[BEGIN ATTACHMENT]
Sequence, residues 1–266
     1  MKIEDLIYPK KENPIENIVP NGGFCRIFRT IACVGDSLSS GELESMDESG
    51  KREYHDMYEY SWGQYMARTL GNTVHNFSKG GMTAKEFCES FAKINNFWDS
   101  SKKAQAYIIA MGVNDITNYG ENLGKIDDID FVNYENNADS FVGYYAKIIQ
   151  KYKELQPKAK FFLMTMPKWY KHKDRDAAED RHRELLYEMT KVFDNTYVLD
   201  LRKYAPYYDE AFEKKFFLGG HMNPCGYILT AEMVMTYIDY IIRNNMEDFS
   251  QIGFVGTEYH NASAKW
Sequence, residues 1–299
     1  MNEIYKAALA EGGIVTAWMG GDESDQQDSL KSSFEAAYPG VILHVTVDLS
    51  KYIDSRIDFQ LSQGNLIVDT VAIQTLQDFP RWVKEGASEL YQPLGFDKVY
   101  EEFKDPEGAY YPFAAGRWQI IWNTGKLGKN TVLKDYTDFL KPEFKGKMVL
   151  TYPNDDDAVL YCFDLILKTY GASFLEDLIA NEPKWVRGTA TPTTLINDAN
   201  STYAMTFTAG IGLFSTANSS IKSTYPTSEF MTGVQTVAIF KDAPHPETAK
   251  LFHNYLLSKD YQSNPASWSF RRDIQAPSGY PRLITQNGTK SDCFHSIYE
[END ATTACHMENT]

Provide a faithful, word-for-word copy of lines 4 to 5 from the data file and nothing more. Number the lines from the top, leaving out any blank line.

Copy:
   101  SKKAQAYIIA MGVNDITNYG ENLGKIDDID FVNYENNADS FVGYYAKIIQ
   151  KYKELQPKAK FFLMTMPKWY KHKDRDAAED RHRELLYEMT KVFDNTYVLD